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The Secrets to Hiding Celebrities' Hair Loss - The Bergen RecordIn a recent article “The Secrets to Hiding Celebrities’ Hair Loss,” published in the New Jersey newspaper, The Bergen Record, author Abigail Leichman pondered the variety of techniques used by celebrities to battle hair loss. Articles such as these put a spotlight on the fairly recent phenomenon of celebrity hairline watching that has sprouted up in the media and on the web.

Chat rooms are filled with speculation about the seeming rise and fall (and sometimes rise again) of follicles for such stars as Matt Lauer, Mel Gibson and Jude Law. And for sports figures like Tiger Woods and Pete Sampras.

Ms. Leichman comments that such stars as Johnny Depp, Owen Wilson, and Matt Damon must increasingly depend upon their stylists to avoid bad hair days.

In her article, Ms. Leichman names Follicular Unit Transplantation “a hair-transplant procedure pioneered by a Fort Lee physician” as one of the secrets to Hollywood’s ability to reverse the effects of thinning hair. The article features Dr. Bernstein as a surgeon who’s list of patients “more than 5,000 male and female patients – he can’t name names – has included major players in theater, politics and high finance.”

With recent trends showing that more and more men are becoming comfortable with the idea of electing to receive cosmetic surgery and with the leap in successful results using new techniques mastered by doctors such as Robert M. Bernstein MD, men and women are looking to the rich and famous to help them decide where to go for procedures such as surgical hair restoration.

Bernstein Medical is meticulous about protecting the privacy of all of our patients. At Bernstein Medical every patient is treated with the same attention and care that the movers and shakers in Washington, Hollywood and Broadway receive.

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Follicular Unit Forum - Bernstein Medical - Center for Hair RestorationFollicular Unit Forum is unique in that it affords visitors an opportunity to anonymously ask questions about the “ins and outs” of hair transplant surgery, of those who actually have had the state-of-the-art Follicular Unit Hair Transplant procedures.

Questions are posted to people who have actually undergone hair restoration procedures. Individuals who are considering a surgical solution to their hereditary baldness are able to search through “threads” or conversations that will answer their most pressing concerns such as; what to expect before, during and after a hair transplant, and what kind of procedure one should have.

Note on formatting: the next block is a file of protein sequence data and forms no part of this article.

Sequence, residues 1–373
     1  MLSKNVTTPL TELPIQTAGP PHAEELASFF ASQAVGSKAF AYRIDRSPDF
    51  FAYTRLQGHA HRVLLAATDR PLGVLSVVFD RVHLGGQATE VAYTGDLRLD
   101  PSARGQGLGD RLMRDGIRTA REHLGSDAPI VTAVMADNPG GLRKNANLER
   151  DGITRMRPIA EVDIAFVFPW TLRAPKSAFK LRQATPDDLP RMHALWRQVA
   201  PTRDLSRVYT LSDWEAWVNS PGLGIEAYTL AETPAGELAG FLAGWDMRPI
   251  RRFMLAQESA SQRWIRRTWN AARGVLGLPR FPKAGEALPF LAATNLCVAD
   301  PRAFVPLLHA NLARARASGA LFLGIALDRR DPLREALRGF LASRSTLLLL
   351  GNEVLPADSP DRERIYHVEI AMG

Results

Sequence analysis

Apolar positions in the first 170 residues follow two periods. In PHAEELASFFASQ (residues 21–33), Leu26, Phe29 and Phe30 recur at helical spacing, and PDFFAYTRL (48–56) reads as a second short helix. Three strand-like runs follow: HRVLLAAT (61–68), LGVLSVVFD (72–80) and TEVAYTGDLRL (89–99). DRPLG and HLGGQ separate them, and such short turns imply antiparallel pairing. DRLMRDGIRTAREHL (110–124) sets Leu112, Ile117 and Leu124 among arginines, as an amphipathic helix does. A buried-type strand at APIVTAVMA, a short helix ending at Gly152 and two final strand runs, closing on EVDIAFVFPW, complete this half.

The focus of this new online health resource is Follicular Unit Transplantation and Follicular Unit Extraction, two procedures that are universally considered to be the most up-to-date approach to surgical hair restoration. Follicular Unit Transplantation is a surgical technique that transplants hair in naturally occurring groups of 1-4 hairs. These groups (called follicular units) are taken from a single donor strip of skin and dissected using a microscope. Follicular Unit Extraction is a method that obtains the tiny follicular unit grafts from the donor area by using an instrument which removes them one-by-one directly from the scalp.

Patients who have received hair transplants with undesirable results (such as the typical pluggy “dolls hair” look) can also benefit from monitoring the site. FollicularUnitForum.com has posts from patients who have had unnatural looking grafts removed and re-implanted in a more natural way – as follicular units – to produce the most best results.

“We wanted to create a consumer-to-consumer forum that exclusively addressed the topic of Follicular Unit Hair Transplantation – the procedure that is now considered to be the gold standard in surgical hair restoration” said Robert M. Bernstein M.D., founder of Bernstein Medical – Center for Hair Restoration and sponsor of the site. “There are some great forums for hair loss out there but we felt that there was room for one that was created specifically for people who had done their preliminary research but now wanted to hear more first hand experience with FUT or FUE”.